Local climate change information for cities can be derived from the scenarios of greenhouse gas emissions and global climate model simulations described above. For the case-study cities that are examined below, quantitative projections are made for key climate variables such as the change in mean temperature that reflect a model-based range of values for the city-specific model grid boxes (see Table 2.5). Further, there is a need for a nuanced understanding of the complex interactions between hazards and the city. This is because the city can be both a producer as well as a receiver of these hazards. For instance, New York City alone contributes about 0.25 percent of global greenhouse gas emissions (The City of New York, 2007). On the other hand, increase in sea level also increases the city’s susceptibility to flooding. In addition, while both urban heat island and global warming increase the ambient temperature of the city, one is internally generated while the other is externally induced.
Vulnerability is defined as the physical attributes of the city and its socio-economic composition that determine the degree of its susceptibility. The variables affecting vulnerability include flood proneness (proximity to coast or river), land area, elevation, population density, percentage of poor, and quality of infrastructure. The OECD’s work on city vulnerability in the context of climate change points to such variables as location, economy, and size as well (Hunt and Watkiss, 2007). More detailed indicators such as composition of the poor population – age, gender, labor force composition, and the like – need to be taken into consideration when in-depth city vulnerability analysis is conducted. For our evaluation here a more restricted set of variables that is readily available for most cities was utilized. These variables illustrate that such physical and socio-economic characteristics affect a city’s risk.
Vulnerability is defined as the extent to which a city is predisposed to "adverse effects of climate change, including climate variability and extremes" (IPCC, 2007d). However, unlike the IPCC definition of vulnerability that includes adaptive capacity, we decouple the two here and address them individually, considering vulnerability to be determined by the physical and underlying social conditions of the city while adaptive capacity is determined predominantly by the change agents. In turn, vulnerability is a function of a host of city characteristics, including but not limited to the location of a city, particularly its proximity to a salt water coastline or other large water body, topography or any other physical attributes of the landscape or physical geography that make the city susceptible to climate variations.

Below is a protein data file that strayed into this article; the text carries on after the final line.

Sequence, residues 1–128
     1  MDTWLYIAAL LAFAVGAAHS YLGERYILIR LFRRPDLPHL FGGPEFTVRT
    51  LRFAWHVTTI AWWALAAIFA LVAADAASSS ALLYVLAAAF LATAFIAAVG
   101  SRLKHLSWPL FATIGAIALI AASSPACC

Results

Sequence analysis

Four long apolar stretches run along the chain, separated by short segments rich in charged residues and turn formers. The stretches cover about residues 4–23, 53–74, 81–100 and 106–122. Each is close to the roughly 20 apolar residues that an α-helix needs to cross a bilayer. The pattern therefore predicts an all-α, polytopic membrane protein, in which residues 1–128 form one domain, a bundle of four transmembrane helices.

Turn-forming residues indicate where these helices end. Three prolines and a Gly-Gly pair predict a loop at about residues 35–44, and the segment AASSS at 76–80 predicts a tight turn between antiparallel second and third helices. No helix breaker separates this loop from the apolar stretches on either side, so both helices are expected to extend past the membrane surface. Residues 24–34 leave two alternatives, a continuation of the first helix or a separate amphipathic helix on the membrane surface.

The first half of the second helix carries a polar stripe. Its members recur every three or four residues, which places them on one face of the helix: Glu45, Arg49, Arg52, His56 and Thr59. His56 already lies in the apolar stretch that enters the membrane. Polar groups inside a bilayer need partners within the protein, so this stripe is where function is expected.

Social factors that determine the degree of vulnerability of a city include its population size and composition, density, size of city, quality of infrastructure, type and quality of its built environment and its regulation, land use, governance structure and the like. A critical factor determining the vulnerability of the poor as opposed to the non-poor population of the city is the percentage of the population living in slums. These are households that lack access to one or more of the following: improved water supply, improved sanitation, sufficient living space, structurally sound dwellings, and security of tenure (UN-HABITAT, 2003). The contrast between the formally planned part of the city and the slums is stark and is a key determinant of the differential vulnerability of the poor as opposed to the non-poor (UN-HABITAT, 2008a).
Adaptive capacity includes institutional attributes of the city and its actors that determine the degree of its capability to respond to potential climate change impacts. Thus they provide measures of the ability (institutional structure, caliber, resources, information, analysis), and willingness of actors (local governments, their constituent departments, private sector, civil society, NGOs, academics) to adapt to climate change. Variables that can determine the extent of a city’s ability to adapt include the structure and capacity of institutions, presence of adaptation and mitigation programs, and motivation of change agents. Here it is critical to draw a distinction with the term "resilience" that the IPCC (2001b) Working Group II assessment defined as "amount of change a system can undergo without changing state." In contrast, adaptive capacity does not assume a steady state of a city and its integrated systems; rather it measures the ability and willingness to not only cope but to respond positively to the stresses that climate change imposes.
Adaptive capacity is the ability and willingness of the city’s key stakeholders to cope with the adverse impacts of climate change and depends on the awareness, capacity, and willingness of the change agents. A quick measure of institutional awareness is the presence of a comprehensive analysis of climate risks for the city and corresponding adaptation and mitigation initiatives. Capacity here refers to the quality of institutions at various levels of governments – local, regional, and national – and within local government, across various departments. Further, the capacity of the private sector, non-governmental organizations, and community groups to respond also matters. Finally, the willingness to act is of the essence. In this regard, identifying in substantial detail the leading actors for climate response – government, private sector, and civil society – and mapping their initiatives is essential in estimating adaptive capacity of a city.